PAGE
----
FP Bass

Future Pigeon are a local 8-piece reggae band who play with a live sound engineer. They sound like dub producers Scientist and Lee “Scratch” Perry collaborating at one of those LSD-spiked Coca-Cola parties from Go Ask Alice; the sparse but steady dub jams of the former interplaying with the loopy sound effects and insane brilliance of the latter.

Classic reggae rhythms are made bass and drum heavy, with spine-chilling voice-overs from classic horror and sci-fi movies; jarring, echoing background noises; triumphant horns; skittering, unique percussion; and strange vocals that are more The Specials than Sublime. With occasional pick-ups into faster-paced ska as “punk” as they seem to get, despite what we had been told, thier performance Saturday night at Moca’s Night Visions was undoubtedly the coolest free ticket in town (free, that is, if you hung outside the velvet rope where amatuer picnicers, the poor, and impatient could watch and listen without lines, liquor or loot).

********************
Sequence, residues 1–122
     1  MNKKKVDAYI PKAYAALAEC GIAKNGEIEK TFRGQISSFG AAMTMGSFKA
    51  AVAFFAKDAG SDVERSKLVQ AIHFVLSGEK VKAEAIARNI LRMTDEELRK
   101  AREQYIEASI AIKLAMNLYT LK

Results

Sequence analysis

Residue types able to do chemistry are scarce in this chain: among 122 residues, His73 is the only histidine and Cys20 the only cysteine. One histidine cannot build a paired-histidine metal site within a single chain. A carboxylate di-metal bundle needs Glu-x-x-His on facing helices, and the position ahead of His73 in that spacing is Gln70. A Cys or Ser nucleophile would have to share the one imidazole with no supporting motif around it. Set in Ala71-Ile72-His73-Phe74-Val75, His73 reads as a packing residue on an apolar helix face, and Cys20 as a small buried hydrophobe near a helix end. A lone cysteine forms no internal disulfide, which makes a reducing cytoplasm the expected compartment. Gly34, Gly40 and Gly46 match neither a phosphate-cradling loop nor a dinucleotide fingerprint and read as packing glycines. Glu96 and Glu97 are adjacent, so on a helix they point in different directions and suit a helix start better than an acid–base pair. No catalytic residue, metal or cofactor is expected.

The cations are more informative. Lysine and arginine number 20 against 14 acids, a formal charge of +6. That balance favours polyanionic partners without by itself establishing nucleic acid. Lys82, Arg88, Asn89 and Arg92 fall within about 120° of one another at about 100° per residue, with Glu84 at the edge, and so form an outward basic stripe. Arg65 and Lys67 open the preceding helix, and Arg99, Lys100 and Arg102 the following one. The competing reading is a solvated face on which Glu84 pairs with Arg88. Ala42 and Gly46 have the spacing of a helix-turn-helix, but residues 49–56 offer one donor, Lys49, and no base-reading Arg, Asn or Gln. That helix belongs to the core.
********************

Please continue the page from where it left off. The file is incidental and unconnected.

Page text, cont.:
Future Pigeon

In essence, Future Pigeon’s music is great Southern Cali-white boy reggae, with their sunny-side turned down; perfect for a shawdowy, skanking, smoked-out club crowd, which is maybe why their performance at MOCA seemed more subdued. Under the stars and Nacy Rubin’s massive rearrangement of Airplane Parts, among an older museum crowd who seemed appreciative, though not necessarily moved, Future Pigeon showed focus and enthusiasm, while just stopping slightly short of completely rocking–or tripping–out. Seemingly ubiquitous in Los Angeles these days, we have a feeling their upcoming shows, tonight at Spaceland and Wednesday with Jamaican legend Rankin’ Joe at Dub Club, will be much more to their, and our, liking.

Nancy Rubin's Airplane Parts

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